Figure 1. Operating Profit Margin for KFMA Farms

Figure 1. Operating Profit Margin for KFMA Farms

Figure 1 presents the average annual operating profit margin ratio for the entire sample of farms and for those farms in the top quartile.  The average profit margin for the entire sample was negative in 2015, and close to zero in 2016.  For farms in the top quartile, the average profit margin ranged from 3.7 percent in 2015 to 10.8 percent in 2016 for these same years.  Figure 1 also stresses the importance of using multiple years to benchmark farms.  For example, a 20 percent profit margin was relatively easy to attain in 2010 and 2011.  From 2015 to 2017, this benchmark would have been very difficult to achieve.

The results in table 2 are consistent with FINBIN data (University of Minnesota, Center for Farm Financial Management).  Rather than using quartiles, FINBIN reports use deciles.  Using FINBIN data from 2010 to 2019, farms in the bottom 20 percent and 30 percent had average operating profit margin ratios of -11.5 and -4.3 percent, respectively.  Farms in the top 30 percent and 20 percent had an average operating profit margin ratio of 25.7 and 32.7 percent.

Profit Margin Persistence

In addition to examining the profit margin quartiles for the ten-year period, we examined how common it was for farms in the bottom or top profit margin quartile from 2010 to 2014 to also be in the bottom or top profit margin quartiles from 2015 to 2019.  For the ten-year period, there were 110 and 109 farms in the bottom and top profit margin quartiles, respectively.  Approximately 56 percent and 53 percent of the farms in the bottom and top quartiles, respectively, were in the bottom and top profit margin quartiles for both of the five-year periods.

Table 3. Summary Statistics for Farms in Top and Bottom Operating Profit Margin Quartiles for both the 2010-2014

Table 3. Summary Statistics for Farms in Top and Bottom Operating Profit Margin Quartiles for both the 2010-2014

The characteristics of farms in the bottom and top profit margin quartiles from 2010 to 2014 and from 2015 to 2019 are presented in table 3.  The operating profit margin for the farms that were consistently in the top profit margin was 0.244 or 24.4 percent.  This group of farms tended to be larger, and to have a higher asset turnover ratio than the group of farms in bottom quartile for both five-year periods.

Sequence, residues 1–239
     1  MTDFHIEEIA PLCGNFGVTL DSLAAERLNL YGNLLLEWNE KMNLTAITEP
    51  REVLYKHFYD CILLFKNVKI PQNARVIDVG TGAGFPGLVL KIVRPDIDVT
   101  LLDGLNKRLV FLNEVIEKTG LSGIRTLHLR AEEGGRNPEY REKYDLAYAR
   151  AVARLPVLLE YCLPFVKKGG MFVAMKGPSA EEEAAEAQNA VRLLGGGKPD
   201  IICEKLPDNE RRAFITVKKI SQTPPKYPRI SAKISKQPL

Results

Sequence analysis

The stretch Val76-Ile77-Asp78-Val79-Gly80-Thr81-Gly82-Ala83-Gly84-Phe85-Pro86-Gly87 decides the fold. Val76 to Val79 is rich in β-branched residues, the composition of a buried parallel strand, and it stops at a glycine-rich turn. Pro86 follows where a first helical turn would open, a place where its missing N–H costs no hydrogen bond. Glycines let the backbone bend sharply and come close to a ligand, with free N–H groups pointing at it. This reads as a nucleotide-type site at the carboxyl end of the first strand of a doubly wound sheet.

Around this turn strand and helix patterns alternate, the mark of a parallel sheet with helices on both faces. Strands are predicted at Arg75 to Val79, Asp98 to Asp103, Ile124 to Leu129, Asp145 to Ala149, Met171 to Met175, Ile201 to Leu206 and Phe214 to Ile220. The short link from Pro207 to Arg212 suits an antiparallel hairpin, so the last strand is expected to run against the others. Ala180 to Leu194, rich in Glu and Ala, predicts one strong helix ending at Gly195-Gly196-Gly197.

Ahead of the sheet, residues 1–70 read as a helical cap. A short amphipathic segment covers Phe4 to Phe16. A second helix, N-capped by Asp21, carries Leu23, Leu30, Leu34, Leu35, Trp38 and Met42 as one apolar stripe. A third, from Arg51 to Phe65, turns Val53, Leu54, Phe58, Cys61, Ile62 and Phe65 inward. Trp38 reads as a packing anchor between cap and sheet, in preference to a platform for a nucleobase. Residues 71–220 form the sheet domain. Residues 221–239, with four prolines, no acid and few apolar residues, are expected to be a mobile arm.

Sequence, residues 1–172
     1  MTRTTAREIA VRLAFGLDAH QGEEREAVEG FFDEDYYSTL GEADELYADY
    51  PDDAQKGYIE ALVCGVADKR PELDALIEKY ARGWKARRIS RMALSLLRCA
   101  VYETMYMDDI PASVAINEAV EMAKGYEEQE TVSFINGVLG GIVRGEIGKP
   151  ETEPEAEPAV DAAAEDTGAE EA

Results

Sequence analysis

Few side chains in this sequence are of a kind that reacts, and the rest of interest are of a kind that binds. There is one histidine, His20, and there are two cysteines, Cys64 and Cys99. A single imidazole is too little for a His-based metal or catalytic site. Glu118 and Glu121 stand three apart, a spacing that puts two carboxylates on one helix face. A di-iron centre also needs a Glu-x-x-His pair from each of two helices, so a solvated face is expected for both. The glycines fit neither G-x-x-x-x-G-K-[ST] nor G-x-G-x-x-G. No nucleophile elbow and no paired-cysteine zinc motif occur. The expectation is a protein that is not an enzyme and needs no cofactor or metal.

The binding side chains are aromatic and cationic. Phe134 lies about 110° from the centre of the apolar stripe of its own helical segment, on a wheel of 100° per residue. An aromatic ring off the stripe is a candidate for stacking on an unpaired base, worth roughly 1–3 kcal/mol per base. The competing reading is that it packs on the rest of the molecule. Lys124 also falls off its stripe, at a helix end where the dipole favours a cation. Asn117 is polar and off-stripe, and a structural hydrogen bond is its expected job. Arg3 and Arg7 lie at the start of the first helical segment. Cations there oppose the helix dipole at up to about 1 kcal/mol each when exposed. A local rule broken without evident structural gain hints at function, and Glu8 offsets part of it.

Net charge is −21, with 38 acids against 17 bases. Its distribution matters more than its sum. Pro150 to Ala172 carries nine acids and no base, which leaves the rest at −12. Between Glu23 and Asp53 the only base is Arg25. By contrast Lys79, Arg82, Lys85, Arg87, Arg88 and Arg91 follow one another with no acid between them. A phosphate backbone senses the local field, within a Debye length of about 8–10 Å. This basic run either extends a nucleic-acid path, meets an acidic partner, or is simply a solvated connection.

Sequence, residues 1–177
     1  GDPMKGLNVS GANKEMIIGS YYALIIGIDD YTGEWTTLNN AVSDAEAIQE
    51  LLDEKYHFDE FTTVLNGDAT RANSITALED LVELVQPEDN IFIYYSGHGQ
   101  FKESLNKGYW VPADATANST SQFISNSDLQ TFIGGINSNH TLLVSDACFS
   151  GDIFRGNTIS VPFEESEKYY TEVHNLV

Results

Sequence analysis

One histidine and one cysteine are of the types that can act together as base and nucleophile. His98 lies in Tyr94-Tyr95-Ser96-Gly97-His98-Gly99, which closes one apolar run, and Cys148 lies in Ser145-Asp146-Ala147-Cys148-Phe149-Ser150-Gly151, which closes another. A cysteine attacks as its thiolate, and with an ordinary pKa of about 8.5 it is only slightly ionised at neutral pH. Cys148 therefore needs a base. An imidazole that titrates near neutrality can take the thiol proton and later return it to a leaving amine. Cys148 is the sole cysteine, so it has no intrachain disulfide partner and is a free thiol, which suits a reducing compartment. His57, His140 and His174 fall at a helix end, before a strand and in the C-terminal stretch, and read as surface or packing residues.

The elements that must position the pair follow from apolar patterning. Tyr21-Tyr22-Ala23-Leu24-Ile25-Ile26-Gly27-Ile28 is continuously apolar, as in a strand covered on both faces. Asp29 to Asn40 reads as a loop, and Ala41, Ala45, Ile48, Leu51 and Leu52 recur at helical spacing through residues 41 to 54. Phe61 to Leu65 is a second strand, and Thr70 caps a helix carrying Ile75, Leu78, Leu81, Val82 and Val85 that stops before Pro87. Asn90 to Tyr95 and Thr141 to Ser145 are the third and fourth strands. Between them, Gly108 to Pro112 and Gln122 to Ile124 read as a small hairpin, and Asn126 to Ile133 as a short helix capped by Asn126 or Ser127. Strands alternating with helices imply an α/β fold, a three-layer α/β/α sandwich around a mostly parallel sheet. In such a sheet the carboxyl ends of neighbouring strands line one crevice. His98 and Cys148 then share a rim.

Concluding Comments

In summary, this paper examined the financial performance for a sample of KFMA farms over a ten-year period.  Farms in the bottom quartile had a negative operating profit margin ratio indicating that they were not able to fully cover accrual expenses, depreciation, and unpaid family and operator labor.  The average operating profit margin ratio for the sample of farms was 11.3 percent.  In contrast, the average operating profit margin ratio for farms in the top profit margin quartile was 21.8 percent, or 10.5 percent higher than the average profit margin.  For farms that were in the top quartile during the 2010 to 2014 and 2015 to 2019 periods, the average profit margin was 24.4 percent.  Based on the results in this paper, farms are encouraged to use an operating profit margin ratio of at least 20 percent as their benchmark.

Results also stress the importance of using several years of data to benchmark financial performance and suggest that it is possible for farms to have a sustained competitive advantage.  Given the wide variability of financial performance documented in this study, a further examination of the characteristics of the farms in the top profit margin quartile, including obtaining information pertaining to management styles, experience, and decision-making abilities, would be a fruitful area for further research.